U.S. District Judge Donald Molloy denied environmental groups’ request for an injunction to stop wolf hunts in Montana and Idaho, ruling Tuesday night that the plaintiffs “failed to show a likelihood of irreparable harm to the wolf population.” It means Montana’s first state-sponsored wolf hunting season will begin as planned Sept. 15.
But environmental groups are still claiming victory, because Molloy also wrote that, although they didn’t meet their burden for issuing a preliminary injunction, they “are likely to be able to meet their burden to show the balance of equities tip in their favor. They would also likely prevail in showing an injunction is in the public interest.”
“We’re feeling very positive and optimistic that in the long run we have an enormous chance of success in this case,” says Louisa Willcox of the Natural Resources Defense Council (NRDC).
Specifically, Molloy said that because the U.S. Fish and Wildlife Service excluded Wyoming in its decision to delist the wolf that the agency appeared to violate the Endangered Species Act.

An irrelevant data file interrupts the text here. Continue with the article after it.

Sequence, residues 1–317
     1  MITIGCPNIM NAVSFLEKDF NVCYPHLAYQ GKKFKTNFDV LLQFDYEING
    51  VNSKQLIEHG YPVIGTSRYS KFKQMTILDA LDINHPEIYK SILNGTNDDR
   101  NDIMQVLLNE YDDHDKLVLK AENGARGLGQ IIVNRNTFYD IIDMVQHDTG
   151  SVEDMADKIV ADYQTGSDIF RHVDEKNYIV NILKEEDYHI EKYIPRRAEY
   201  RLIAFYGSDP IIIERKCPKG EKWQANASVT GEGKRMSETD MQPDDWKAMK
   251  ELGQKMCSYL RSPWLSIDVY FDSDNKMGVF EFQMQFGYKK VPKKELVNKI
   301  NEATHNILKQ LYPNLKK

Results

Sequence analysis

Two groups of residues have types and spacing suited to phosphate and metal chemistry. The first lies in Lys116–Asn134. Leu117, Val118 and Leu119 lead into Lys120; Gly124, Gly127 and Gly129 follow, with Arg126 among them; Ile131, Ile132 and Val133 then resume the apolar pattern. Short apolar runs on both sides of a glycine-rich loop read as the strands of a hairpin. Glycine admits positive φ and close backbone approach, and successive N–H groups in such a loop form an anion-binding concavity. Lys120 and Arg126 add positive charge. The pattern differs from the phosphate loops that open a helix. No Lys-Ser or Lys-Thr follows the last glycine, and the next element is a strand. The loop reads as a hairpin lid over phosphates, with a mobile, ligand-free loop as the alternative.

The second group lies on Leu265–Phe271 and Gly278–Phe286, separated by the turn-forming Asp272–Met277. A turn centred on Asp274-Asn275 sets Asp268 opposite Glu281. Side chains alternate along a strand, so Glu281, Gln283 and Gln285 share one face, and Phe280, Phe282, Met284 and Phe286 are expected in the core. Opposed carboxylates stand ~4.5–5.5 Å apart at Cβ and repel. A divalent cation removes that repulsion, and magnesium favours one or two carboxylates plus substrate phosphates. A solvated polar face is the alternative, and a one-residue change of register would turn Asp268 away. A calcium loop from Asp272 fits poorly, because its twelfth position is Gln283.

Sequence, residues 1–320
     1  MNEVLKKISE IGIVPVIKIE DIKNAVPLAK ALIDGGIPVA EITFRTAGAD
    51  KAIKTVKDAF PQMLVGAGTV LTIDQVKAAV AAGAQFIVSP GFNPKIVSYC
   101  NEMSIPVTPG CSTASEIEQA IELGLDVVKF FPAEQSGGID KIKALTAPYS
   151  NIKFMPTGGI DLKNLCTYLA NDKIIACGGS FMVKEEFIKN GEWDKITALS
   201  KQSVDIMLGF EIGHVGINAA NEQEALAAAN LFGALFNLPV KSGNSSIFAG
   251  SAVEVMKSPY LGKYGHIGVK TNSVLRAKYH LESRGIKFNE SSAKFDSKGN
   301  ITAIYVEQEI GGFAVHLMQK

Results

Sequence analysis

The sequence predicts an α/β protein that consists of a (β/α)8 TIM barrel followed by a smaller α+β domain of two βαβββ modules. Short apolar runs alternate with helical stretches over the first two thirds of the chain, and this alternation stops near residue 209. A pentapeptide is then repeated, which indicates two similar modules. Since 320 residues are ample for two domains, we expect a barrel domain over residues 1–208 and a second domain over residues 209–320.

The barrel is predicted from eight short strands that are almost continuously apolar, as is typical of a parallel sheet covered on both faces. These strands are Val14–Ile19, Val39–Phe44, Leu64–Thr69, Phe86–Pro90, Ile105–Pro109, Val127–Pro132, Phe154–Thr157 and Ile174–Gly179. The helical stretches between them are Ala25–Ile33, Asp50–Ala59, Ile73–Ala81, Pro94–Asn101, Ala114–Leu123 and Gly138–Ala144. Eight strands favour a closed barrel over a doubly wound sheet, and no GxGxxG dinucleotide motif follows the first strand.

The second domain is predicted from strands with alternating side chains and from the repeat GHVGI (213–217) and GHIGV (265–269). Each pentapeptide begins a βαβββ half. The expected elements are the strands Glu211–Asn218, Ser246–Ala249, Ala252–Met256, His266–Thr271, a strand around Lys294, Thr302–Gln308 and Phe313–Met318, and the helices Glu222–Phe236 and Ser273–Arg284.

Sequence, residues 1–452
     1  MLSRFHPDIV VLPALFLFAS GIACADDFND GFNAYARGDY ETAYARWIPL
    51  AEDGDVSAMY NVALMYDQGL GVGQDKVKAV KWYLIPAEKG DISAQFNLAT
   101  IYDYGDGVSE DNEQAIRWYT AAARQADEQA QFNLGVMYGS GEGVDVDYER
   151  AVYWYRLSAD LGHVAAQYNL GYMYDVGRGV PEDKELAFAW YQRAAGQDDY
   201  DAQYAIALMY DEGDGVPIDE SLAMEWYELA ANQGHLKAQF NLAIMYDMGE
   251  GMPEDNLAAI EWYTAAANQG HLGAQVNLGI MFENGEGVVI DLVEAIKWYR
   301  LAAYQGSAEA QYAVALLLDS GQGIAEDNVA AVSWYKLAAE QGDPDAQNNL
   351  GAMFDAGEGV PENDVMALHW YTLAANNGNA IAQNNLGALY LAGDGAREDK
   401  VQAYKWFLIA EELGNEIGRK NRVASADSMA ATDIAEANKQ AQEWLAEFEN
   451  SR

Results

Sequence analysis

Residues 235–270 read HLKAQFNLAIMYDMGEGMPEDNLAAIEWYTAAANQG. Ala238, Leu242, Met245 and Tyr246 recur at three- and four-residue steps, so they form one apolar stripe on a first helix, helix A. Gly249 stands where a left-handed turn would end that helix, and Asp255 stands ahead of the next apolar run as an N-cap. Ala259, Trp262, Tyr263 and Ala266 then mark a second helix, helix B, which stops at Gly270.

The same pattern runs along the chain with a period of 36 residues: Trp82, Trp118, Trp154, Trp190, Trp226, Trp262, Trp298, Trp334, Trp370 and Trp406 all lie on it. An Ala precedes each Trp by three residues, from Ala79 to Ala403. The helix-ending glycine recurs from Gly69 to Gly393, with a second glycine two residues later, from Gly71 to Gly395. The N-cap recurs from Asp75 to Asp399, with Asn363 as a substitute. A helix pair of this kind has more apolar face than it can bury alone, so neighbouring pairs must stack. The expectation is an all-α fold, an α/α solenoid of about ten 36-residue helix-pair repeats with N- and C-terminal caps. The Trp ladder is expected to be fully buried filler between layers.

"The Service has distinguished a natural population of wolves based on a political line,
not the best available science," he wrote. "That, by definition, seems arbitrary and capricious."
Defenders of Wildlife, NRDC and a handful of other environmental and animal welfare groups sued the federal government in June over its decision to remove wolves from the endangered species list in Montana and Idaho and give management authority to the states, which allow for hunting. Montana set a wolf hunt quota of 75 wolves, Idaho 220. Idaho’s hunt began Sept. 1.
“We are concerned about what might happen in the meantime…,” Willcox says. “We hope that people are prudent and careful. And we also think that wolves might be harder to hunt than people believe.”
Adds Suzanne Asha Stone of Defenders of Wildlife: “We’re disappointed, obviously, that the injunction wasn’t awarded, especially for Idaho wolves. It’s even more serious than what we’re looking at in Montana right now. And it’s not that we’re opposed to having a wolf hunt eventually. Eventually that will be part of the management strategy in the states. But Idaho has taken such an extreme position that it’s not just the 220 wolves. The commissioners were very clear when they met on Aug. 17 that they’re going to reduce their wolf population by at least half, and the Idaho state legislature can go even lower than that.”
Jerry Brenner of Frenchtown’s Five Valley Taxidermy, for one, is happy with Molloy’s decision.
“That’s good,” he says. “I’ve been keeping my eye on it and I’ve had a lot of customers that have called and asked me about prices to do a wolf.”